Eclipse Mozambique  Zambia Africa

A Motorcycle trip to see the solar eclipse in Zambia, 2001

Author: Kevin Dugmore.

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Yamaha XT600

It was while listening to an astronomy radio show that my interest was sparked; the presenter stated that a total solar eclipse is perhaps the most spectacular astronomical event that one is likely to experience. He went on to say that it has been estimated that only 1 in 1000 people have seen the moon completely block the sun (totality) and that a total solar eclipse will be visible from within a narrow band, crossing central Africa later that year. Motivated by what I had heard, I began to seek a way to see this eclipse by planning a trip to Botswana, Zambia and Mozambique

The selection of a mode of transport for my tour occurred instantaneously since my delight in exploring new places from the saddle of one of my motorbikes, in this case a Yamaha XT600,  eliminated any other transport options that I may have considered.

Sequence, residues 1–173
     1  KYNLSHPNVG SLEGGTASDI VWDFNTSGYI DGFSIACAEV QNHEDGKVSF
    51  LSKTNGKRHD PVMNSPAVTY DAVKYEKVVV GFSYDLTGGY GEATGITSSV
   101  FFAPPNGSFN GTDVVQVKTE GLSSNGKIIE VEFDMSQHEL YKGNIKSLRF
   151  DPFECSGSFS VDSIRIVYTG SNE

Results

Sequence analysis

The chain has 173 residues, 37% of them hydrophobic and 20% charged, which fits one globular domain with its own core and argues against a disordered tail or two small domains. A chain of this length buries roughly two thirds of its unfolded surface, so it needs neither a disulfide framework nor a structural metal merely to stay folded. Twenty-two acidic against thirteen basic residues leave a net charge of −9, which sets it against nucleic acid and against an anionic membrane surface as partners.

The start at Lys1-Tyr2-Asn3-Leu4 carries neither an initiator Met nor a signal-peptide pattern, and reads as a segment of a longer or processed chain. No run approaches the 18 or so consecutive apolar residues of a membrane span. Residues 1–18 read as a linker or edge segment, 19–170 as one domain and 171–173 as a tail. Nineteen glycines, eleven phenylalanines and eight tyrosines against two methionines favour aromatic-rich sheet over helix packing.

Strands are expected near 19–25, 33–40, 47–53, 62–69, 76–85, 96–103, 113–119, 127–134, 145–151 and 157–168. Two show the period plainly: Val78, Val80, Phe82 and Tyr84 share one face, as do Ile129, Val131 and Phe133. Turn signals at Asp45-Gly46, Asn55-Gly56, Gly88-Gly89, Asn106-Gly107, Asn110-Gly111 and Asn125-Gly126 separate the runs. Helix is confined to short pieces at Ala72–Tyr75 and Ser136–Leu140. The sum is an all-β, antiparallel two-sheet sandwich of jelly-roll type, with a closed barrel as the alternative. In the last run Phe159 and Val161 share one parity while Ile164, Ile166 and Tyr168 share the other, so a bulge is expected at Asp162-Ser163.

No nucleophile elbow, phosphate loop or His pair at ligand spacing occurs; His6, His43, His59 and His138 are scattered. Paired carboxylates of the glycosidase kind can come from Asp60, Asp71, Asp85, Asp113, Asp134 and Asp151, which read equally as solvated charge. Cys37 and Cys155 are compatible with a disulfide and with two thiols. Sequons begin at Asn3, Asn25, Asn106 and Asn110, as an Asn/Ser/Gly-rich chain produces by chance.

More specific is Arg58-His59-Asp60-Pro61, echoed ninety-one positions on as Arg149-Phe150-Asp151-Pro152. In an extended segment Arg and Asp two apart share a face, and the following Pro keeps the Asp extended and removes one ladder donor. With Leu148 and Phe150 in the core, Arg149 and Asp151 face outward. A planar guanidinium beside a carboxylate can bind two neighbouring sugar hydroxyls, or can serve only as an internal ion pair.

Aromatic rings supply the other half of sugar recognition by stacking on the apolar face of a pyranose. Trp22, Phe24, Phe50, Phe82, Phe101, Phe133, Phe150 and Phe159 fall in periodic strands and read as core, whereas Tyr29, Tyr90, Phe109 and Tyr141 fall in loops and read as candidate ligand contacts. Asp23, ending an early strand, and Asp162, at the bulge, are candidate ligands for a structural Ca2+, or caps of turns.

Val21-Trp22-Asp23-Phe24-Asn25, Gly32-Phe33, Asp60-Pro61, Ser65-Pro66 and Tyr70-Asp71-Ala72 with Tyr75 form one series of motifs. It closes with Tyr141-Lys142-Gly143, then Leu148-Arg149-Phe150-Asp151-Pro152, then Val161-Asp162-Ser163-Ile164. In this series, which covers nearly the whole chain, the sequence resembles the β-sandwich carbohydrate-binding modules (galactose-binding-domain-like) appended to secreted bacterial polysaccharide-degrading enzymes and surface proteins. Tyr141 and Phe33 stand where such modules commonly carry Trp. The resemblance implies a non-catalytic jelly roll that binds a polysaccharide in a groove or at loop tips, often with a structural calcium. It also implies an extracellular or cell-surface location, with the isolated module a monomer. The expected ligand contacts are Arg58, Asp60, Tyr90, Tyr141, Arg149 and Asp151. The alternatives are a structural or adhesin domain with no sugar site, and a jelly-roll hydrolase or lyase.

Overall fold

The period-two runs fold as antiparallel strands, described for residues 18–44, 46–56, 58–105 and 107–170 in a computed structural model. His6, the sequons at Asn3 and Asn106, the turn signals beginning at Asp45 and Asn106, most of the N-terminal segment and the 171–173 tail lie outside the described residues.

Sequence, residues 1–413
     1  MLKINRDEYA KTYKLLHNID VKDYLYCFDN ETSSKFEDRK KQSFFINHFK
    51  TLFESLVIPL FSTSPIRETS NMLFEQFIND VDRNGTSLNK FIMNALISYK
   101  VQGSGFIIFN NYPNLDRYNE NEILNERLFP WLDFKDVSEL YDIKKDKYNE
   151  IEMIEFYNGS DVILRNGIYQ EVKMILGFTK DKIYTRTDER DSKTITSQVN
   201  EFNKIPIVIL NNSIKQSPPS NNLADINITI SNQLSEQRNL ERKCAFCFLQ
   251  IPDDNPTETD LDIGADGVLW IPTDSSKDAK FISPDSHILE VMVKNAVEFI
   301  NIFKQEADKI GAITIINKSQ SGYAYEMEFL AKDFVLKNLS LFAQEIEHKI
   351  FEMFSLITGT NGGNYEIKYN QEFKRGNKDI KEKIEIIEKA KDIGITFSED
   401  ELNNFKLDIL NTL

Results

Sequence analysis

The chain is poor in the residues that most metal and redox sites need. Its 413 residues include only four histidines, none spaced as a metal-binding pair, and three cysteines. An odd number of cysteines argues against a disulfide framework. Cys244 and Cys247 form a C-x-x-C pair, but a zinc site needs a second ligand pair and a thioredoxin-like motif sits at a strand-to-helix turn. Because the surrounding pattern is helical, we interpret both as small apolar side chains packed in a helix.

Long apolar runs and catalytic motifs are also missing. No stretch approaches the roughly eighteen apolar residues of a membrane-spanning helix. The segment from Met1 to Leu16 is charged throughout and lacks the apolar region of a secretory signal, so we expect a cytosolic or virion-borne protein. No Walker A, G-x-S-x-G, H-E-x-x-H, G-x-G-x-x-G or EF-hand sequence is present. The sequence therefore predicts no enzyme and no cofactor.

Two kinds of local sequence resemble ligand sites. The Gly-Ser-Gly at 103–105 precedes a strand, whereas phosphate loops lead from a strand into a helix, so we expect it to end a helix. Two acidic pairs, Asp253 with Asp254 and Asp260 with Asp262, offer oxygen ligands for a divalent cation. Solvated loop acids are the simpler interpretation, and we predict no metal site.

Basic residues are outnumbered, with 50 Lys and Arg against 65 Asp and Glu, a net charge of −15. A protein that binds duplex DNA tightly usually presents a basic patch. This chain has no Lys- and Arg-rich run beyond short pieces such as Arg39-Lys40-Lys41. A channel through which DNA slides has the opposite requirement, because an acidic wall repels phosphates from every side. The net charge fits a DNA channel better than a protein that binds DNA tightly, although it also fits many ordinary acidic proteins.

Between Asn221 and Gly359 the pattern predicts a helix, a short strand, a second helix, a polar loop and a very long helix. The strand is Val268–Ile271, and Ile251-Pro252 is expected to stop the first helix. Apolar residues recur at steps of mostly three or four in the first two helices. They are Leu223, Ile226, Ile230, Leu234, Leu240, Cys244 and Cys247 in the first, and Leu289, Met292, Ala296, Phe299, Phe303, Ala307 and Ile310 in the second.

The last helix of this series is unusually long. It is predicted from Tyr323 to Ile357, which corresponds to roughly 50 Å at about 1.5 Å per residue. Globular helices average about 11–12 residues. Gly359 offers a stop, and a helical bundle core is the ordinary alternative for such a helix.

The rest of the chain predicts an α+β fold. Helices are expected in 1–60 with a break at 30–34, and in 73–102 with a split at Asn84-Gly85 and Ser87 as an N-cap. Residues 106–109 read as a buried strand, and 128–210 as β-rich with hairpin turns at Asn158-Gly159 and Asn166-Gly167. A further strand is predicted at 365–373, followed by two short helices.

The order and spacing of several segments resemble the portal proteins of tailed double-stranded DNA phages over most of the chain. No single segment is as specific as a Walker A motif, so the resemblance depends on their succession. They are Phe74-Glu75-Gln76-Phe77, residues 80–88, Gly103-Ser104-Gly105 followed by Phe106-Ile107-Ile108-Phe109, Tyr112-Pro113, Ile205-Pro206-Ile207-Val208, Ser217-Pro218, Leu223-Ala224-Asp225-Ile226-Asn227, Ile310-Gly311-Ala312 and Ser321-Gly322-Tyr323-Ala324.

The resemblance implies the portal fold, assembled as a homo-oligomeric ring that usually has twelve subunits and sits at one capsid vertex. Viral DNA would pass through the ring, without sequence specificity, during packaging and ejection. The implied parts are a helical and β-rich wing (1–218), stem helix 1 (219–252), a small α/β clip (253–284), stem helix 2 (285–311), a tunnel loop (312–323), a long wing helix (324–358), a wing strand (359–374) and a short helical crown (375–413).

Lusaka Zambia, because of its good chance of clear skies and proximity to the path of totality was chosen as my eclipse-viewing site. To travel so far and not do some exploring would have been a pity, thus I planned route that would take me to the north east of Lusaka, into Mozambique, across to the Indian Ocean, south along the Mozambique coast and then back into South Africa. See the red line on the map below for the exact route

Motorcycle tour route through Africa